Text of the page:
I just finished a library book recently that was classified as “young adult” fiction. The main characters were teenagers, and the plot revolved around a murder and the efforts of these young people to find out who killed their friend. It was engaging and well written except for one glaring problem — some of the words were, in my mind, unacceptable. Why would such crude speech be used in a book aimed at young people? In fact, why is it okay to use such words at all? What message is being sent? The Bible tells us:
“Nor should there be obscenity, foolish talk or coarse joking, which are out of place, but rather thanksgiving.” Ephesians 4:7
I’m not a prude and I’m not unrealistic. I know sometimes certain words fly out in anger, in pain, and so on. That doesn’t make it right, but it happens. However, I object to the normalization of this kind of language. Our speech matters. The words we use affect others and should be chosen judiciously. When we speak, we’re setting an example. If the books we read, the movies and television shows we watch, and the people we respect use bad language, soon everyone will.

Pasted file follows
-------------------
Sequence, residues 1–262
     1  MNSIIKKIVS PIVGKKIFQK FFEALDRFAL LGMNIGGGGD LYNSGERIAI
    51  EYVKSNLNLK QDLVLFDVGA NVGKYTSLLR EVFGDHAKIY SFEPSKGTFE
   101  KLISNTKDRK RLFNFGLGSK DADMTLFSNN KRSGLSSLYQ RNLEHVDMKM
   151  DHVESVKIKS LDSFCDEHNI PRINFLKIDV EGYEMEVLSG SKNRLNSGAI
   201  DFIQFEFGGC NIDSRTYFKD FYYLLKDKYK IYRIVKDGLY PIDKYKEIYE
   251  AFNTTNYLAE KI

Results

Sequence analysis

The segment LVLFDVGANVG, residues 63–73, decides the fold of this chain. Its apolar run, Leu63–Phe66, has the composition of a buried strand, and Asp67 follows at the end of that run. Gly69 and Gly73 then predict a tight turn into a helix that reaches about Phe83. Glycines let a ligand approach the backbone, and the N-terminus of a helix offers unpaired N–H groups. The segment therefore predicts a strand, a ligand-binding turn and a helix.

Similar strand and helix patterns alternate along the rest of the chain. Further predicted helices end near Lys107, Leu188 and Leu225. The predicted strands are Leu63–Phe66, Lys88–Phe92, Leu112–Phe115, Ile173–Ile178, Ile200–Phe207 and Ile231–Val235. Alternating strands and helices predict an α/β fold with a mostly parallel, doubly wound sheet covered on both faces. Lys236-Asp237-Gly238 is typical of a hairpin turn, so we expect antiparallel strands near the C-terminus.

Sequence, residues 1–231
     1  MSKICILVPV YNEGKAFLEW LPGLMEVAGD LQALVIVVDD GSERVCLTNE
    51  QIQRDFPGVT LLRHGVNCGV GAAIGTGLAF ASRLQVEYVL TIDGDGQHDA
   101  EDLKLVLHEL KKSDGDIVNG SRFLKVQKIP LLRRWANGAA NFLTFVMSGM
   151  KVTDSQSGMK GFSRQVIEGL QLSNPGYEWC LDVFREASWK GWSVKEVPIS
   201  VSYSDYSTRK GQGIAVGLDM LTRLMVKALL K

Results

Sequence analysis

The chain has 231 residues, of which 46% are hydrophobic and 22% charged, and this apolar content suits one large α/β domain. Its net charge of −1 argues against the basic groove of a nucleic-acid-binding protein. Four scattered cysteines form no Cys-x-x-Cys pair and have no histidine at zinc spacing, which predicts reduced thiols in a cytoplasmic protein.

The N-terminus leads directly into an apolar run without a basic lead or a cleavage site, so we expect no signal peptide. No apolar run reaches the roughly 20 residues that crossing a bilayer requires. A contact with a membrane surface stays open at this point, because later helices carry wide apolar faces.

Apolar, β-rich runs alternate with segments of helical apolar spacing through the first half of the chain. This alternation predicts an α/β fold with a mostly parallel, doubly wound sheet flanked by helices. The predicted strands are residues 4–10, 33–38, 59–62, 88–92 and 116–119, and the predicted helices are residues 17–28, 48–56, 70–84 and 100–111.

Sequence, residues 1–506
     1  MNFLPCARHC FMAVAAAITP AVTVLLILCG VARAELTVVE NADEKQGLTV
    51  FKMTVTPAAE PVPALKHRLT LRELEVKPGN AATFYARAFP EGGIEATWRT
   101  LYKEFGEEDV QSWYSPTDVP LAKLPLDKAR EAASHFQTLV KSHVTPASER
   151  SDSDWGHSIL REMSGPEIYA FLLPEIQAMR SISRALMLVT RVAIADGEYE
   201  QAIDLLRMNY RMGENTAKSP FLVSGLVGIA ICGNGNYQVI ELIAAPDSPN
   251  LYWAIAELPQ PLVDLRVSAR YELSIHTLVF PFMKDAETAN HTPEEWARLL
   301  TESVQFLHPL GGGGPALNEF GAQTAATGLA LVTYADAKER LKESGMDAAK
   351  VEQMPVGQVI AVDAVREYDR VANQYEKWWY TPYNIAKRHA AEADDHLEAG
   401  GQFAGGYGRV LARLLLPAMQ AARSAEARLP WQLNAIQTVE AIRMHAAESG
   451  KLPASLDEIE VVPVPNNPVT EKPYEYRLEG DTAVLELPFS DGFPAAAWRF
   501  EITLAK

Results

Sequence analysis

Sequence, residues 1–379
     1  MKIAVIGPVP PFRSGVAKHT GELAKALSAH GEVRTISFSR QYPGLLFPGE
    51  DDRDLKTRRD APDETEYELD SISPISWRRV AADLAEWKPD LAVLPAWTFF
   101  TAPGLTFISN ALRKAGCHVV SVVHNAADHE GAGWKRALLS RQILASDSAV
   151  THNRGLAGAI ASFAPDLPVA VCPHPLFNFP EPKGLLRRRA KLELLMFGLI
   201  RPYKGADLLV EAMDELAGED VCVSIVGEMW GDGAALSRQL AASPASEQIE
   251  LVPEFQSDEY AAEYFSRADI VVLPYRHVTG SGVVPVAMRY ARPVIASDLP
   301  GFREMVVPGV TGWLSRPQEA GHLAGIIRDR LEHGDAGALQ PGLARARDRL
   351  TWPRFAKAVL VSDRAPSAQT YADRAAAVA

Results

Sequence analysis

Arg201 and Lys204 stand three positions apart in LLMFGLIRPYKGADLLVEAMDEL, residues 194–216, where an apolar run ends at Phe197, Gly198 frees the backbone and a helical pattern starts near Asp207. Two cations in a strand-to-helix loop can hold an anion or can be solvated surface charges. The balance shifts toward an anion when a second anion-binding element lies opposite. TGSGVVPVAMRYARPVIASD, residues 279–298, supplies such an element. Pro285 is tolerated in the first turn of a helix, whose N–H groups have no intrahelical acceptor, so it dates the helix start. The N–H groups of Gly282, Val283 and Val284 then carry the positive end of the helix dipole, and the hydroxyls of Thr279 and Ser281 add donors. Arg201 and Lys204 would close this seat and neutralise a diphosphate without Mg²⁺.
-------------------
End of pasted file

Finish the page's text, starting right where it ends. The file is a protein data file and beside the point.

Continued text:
In the same way, when we avoid cursing and bad words, people notice. My husband and I have both seen the language of a workplace be transformed by one person refusing to join in to such talk. Soon others become ashamed, and even apologize for those words. So be a good example — watch your words! As Paul says in his letter to his spiritual son, Timothy:
” Don’t let anyone look down on you because you are young, but set an example for the believers in speech, in conduct, in love, in faith and in purity.” 1 Timothy 4:12